Ensuring a healthy and fit military—including their families and military retirees—has been Lt. Col. Deydre Teyhen’s mission, which, encourages an integrated team approach to create such a healthy military force.
“The Army Surgeon General reminds us that the average soldier seeks health care five times a year (~100 total minutes per year). Usually these appointments focus on treating the current medical illness or injury says Teyhen, Deputy Director of Telemedicine and Advanced Technology Research Center, U.S. Army Medical Research and Material Command. She recently transitioned from her position as Commander, Public Health Command Region-South. “To keep a healthy and fit force, we try to focus more on the other 525,500 minutes during the year,” says Teyhen.
Born in Canton, Ohio, Teyhen decided to come to Ohio Wesleyan (she was a third generation OWU legacy student) to study sports science. “OWU and the faculty provided a great foundation for success.” That success continued as she was commissioned in the U.S. Army in 1993. Teyhen later earned her Master’s degree in Physical Therapy from the U.S. Army-Baylor University in 1995 and completed her Ph.D. in Biomechanics from the University of Texas in 2004, and her Doctoral degree in Physical Therapy from Baylor University in 2008. Teyhen is a board-certified orthopedic clinical specialist from the American Board of Physical Therapy Specialists, a certified health fitness instructor from the American College of Sports Medicine, as well as a certified health promotion director through the Cooper Institute. In fact, she and husband Col. John Teyhen, III recently accomplished their goal to be the first military couple to run a marathon in all 50 states. Before serving as Commander, Teyhen served as Associate Professor and Director of the Center for Physical Therapy Research in the U.S. Army-Baylor University doctoral program in physical therapy at Ft. Sam Huston in Texas. Her research has focused on injury prevention and rehabilitation with emphasis on soldier medical readiness. Teyhen’s research accomplishments include more than $4 million in research grants.
It wasn’t until Teyhen was deployed to Bosnia in 1996 that she decided to stay in the military long term.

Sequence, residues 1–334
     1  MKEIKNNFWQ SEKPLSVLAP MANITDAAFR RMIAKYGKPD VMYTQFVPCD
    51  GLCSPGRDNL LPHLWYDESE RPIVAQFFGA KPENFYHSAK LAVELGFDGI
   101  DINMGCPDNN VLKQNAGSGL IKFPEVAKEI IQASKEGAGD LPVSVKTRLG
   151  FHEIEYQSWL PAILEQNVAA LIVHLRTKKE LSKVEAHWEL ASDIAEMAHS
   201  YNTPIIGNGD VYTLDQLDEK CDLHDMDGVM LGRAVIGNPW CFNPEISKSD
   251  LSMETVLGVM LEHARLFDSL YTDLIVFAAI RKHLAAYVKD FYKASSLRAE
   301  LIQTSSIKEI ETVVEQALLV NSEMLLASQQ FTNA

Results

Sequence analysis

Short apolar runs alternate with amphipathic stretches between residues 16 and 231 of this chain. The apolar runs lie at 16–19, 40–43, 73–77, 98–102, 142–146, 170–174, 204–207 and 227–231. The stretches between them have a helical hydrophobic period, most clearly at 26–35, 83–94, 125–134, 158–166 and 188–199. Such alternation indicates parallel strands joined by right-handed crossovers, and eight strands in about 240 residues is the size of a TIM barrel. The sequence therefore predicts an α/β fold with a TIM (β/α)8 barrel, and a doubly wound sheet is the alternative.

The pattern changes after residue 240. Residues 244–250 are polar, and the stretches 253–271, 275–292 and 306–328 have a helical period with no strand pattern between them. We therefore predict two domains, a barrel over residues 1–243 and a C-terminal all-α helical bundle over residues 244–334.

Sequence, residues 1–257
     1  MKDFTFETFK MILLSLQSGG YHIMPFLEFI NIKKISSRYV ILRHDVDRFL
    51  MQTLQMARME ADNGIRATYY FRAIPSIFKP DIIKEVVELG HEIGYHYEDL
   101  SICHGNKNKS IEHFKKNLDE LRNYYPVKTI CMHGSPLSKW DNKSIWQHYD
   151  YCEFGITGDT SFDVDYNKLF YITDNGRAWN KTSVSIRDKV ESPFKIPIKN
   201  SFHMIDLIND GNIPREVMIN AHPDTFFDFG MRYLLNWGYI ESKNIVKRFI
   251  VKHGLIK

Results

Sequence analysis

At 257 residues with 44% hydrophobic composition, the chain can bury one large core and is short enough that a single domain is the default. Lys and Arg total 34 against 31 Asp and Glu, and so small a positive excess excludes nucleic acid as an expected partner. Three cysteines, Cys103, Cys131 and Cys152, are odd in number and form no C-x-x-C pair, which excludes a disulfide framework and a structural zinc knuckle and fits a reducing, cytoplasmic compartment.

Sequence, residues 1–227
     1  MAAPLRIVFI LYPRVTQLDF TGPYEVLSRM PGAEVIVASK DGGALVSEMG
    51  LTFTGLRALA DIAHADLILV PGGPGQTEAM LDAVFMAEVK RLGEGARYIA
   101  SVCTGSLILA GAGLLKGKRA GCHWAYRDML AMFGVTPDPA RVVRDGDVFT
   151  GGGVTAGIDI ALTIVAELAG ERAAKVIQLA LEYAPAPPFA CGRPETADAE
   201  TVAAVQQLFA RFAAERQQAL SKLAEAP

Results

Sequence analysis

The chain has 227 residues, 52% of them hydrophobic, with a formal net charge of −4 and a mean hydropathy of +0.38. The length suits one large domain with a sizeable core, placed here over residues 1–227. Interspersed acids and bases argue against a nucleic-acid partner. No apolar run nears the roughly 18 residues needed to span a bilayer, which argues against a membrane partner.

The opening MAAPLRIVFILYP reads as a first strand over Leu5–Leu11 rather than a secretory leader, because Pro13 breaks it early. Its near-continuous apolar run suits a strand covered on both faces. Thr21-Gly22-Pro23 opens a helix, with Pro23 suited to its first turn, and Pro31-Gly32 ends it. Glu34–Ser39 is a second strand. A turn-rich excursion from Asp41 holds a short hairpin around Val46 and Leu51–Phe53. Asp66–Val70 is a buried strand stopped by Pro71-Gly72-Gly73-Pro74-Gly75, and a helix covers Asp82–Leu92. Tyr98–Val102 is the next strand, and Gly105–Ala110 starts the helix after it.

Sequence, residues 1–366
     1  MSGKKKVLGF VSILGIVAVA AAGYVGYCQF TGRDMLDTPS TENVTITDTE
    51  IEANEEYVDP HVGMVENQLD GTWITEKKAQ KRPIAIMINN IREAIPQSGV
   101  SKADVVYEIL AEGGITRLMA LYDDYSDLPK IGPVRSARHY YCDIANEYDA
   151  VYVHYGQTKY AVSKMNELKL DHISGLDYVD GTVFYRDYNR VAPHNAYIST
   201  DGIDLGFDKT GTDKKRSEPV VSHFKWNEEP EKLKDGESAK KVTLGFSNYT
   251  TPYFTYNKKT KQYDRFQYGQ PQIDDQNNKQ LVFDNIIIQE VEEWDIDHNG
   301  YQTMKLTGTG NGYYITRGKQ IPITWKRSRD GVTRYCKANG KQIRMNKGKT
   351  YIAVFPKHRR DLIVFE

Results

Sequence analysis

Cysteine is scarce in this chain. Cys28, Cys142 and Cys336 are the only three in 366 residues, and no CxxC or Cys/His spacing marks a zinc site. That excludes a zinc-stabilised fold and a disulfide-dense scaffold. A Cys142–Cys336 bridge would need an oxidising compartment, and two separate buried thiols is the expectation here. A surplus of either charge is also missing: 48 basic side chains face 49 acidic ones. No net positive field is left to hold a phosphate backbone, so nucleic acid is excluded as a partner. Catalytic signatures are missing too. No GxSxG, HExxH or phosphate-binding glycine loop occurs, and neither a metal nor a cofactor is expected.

“I was deployed as Chief of Physical Therapy for the 21st Combat Support Hospital, and saw the critical need to help our service men and women stay pain free,” she says. “It’s rewarding to treat our heroes and keep them in the game.” Upon her deployment to Iraq in 2009, Teyhen was put in charge of physical therapy as well as a military level III hospital.
“Again, the best part of being deployed to Iraq was being there to support our heroes. Army medicine is amazing at improving survivability on the battlefield.” Of her year serving as Commander, Public Health Command Region-South, Teyhen says it was motivating to her, being able to provide an environment to help prevent illness so soldiers could stay healthy.
Lt. Col. Teyhen’s team at Public Health Command Region-South was charged to optimize health by identifying, assessing, and countering environmental, occupational disease, and injury threats to health, fitness, and readiness as well as providing veterinary services. Her team consisted of over 600 public health specialists and covered the 11 southeastern states, Guantanamo Bay, Cuba, Puerto Rico, and locations in Honduras.
Teyhen’s current duties are focused on trying to find solutions that leverage technology to advance military medicine. “These might include using sensors that are able to measure brain activity to control arm movements for someone wearing a prosthetic arm,” she suggests. Telemedicine, utilizing technology to bring immediate care to people in more remote locales is another example of the kind of research Teyhen and her team are doing, as well as ongoing research to find the best solutions to advance medicine.
“I consider myself successful when the people I have mentored excel on their own and enhance military medicine for America’s sons and daughters,” says Teyhen.